WARREN, Whitney (1864-1943) and his partner Charles Delavan WETMORE (1867-1941) conducted a successful practice in New York City from 1898 until after 1930. Warren was born in New York City and obtained his early architectural education at Columbia University and at the Ecole des Beaux Arts in Paris, France. He returned to New York in 1894 and briefly worked for McKim, Mead & White before opening his own office. One of is early clients was a young lawyer named Charles D. Wetmore, a graduate of the Harvard Law School who asked Warren to design a country house. During their frequent meetings Warren was able to persuade Wetmore to abandon the field of law and join him in an architectural partnership which was formed in 1898. Later that same year they attracted national attention with their design for the New York Yacht Club (1898) and were able to cultivate many connections with prosperous commercial and hotel clients during the next two decades. Their outstanding American work is the collaborative effort developed with Reed & Stem on the design for Grand Central Terminal (1903-13). Warren contributed innovative urban ideas for elevated roadways and restrained architectural designs for the Commodore, Vanderbilt and Biltmore hotels situated around the station.
In Canada the experience gained with hotel and railway architecture proved valuable when they were asked by the Canadian Northern Railway to prepare a design for the Union Station in Winnipeg in 1907. The result was a dramatic formal Beaux Arts building dominated by a sweeping arched entranceway and enormous rotunda and dome nearly one hundred feet high. A new and elegant repertoire of refined details inside the station give this work a presence and dignity rarely attained in twentieth century Canadian architecture, and it must be regarded as the outstanding work by the firm in this country. In Montreal Warren & Wetmore designed the sumptuous Ritz Carlton Hotel which, though essentially traditional in character, projects a sophisticated European image with expansive and spacious public rooms and a fastidious attention to architectural detail.
Other Canadian entrepreneurs sought out the firm for their designs; in 1913 Ernest G. McConkey of Toronto commissioned Warren & Wetmore to develop a proposal for a two million dollar hotel on Bay Street, but the project was never realized (C.R., xxvii, 8 Jan. 1913, 67; dwg. at Metropolitan Toronto Reference Library, Baldwin Room, E.C. Bird Scrapbook, 61). Their most ambitious proposal was that prepared in 1914 for the vast complex of the Canadian Northern Passenger Terminal stretching over four city blocks in Montreal, but a lack of funds and onset of World War I prevented the work from proceeding (C.R., xxviii, 4 Feb. 1914, 138, illus.). In 1926 the firm was asked to prepare conceptual proposals for the new C.N.R. Hotel in Vancouver, to cost $5 million dollars, but this too was abandoned (C.R., xlii, 1 Aug. 1928, 51, 54).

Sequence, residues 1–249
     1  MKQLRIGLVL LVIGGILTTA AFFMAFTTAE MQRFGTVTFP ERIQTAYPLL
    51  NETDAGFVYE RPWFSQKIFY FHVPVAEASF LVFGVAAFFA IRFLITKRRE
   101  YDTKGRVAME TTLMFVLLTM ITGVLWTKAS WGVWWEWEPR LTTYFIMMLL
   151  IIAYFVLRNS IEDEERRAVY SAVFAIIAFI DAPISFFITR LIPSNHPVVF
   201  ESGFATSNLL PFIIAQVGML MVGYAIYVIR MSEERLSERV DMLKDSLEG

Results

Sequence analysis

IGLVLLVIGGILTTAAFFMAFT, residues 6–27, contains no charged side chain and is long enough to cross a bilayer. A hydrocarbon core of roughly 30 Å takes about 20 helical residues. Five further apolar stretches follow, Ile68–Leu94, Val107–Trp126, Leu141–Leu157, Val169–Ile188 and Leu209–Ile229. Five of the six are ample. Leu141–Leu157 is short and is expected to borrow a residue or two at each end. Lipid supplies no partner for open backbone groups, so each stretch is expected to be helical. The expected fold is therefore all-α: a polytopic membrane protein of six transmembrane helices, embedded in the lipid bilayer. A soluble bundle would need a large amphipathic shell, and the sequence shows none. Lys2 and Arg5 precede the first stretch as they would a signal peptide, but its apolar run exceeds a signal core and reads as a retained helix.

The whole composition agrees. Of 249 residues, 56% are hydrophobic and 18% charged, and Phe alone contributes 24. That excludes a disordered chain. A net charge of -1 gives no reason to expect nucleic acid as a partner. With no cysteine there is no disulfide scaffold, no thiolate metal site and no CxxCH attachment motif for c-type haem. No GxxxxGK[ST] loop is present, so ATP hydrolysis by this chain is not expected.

Warren retired from active practise in 1933 and died in New York City on 24 January 1943 (obituary in New York Times, 25 Jan. 1943, 13; biography in W. Jordy & C. Monkhouse, Buildings on Paper-Rhode Island Architectural Drawings 1825-1945, 1982, 239; MacMillan Encyclopedia of Architects, 1982, iv, 377). Charles Wetmore died in New York City on 8 May 1941 (obituary in New York Times, 9 May 1941, 21; H. Withey, Biographical Dictionary of American Architects, 1956, 647)
# THOUSAND ISLANDS, ONT,, 'Midriver Farm', a summer residence for Charles Bohlen, Grindstone Island, Ont., 1903 (Pierre du Prey et al, Ah, Wilderness! Resort Architecture in the Thousand Islands, 2004, 79-81, illus. & descrip.)
WINNIPEG, MAN., Union Station, Main Street at Broadway, built for the Canadian Northern Railway and the Grand Trunk Pacific Railway, designed 1905; built 1908-09 (Manitoba Free Press [Winnipeg], 3 April 1905, 6; 27 June 1908, 3rd Section, 1, illus. & descrip.; 8 April 1911, 12, illus. & descrip.; Const., i, July 1908, 40-3, 45; iii, Dec. 1909, 65-7; v, June 1912, 48-51, illus. & descrip.; Railway & Marine World, xi, June 1908, 381-7; xiv, August 1911, 765-69, illus. & descrip.; Canadian Engineer, xx, 19 Jan 1911, 191-94, illus. & descrip.; American Architect [New York], xcv, 10 Feb. 1909, 46-9 and plates, illus.)
PORT ARTHUR, ONT., The Prince Arthur Hotel, Cumberland Street, 1910-11 (Daily News [Port Arthur], 27 April 1909, illus; Railway & Marine World, xiii, March 1910, 197, descrip.; xiv, Aug. 1911, 765-69, illus. & descrip.)
TORONTO, ONT., 'Fallingbrook', the residence of Sir Donald D. Mann, Kingston Road near Wood Glen Road, Scarborough, 1911; burned January 1930 (Const., v, May 1911, 79-82, illus.; dwgs. at Avery Library, Columbia University, New York)
MONTREAL, QUE., The Ritz-Carlton Hotel, Sherbrooke Street West at Drummond Street, 1911-12 (C.R., xxv, 12 July 1911, 52-3, illus. & descrip.; xxvi, 24 Jan. 1912, 52, illus. & descrip.; Const., vi, Feb. 1913, 42, 45-55, illus. & descrip.; Architecture [New York], xxvii, March 1913, 46, 48, 50, 52, illus.; Montreal, Les Hotels, 1983, 293-6, illus.)
(with H.L. Stevens & Co.) HALIFAX, N.S., Lord Nelson Hotel, South Park Street at Spring Garden Road, 1926-27 (Acadian Recorder [Halifax], 6 May 1926, 2; Canadian Hotel Review, vi, Nov. 1928, 29-34, illus. & descrip.; dwgs. at PANS)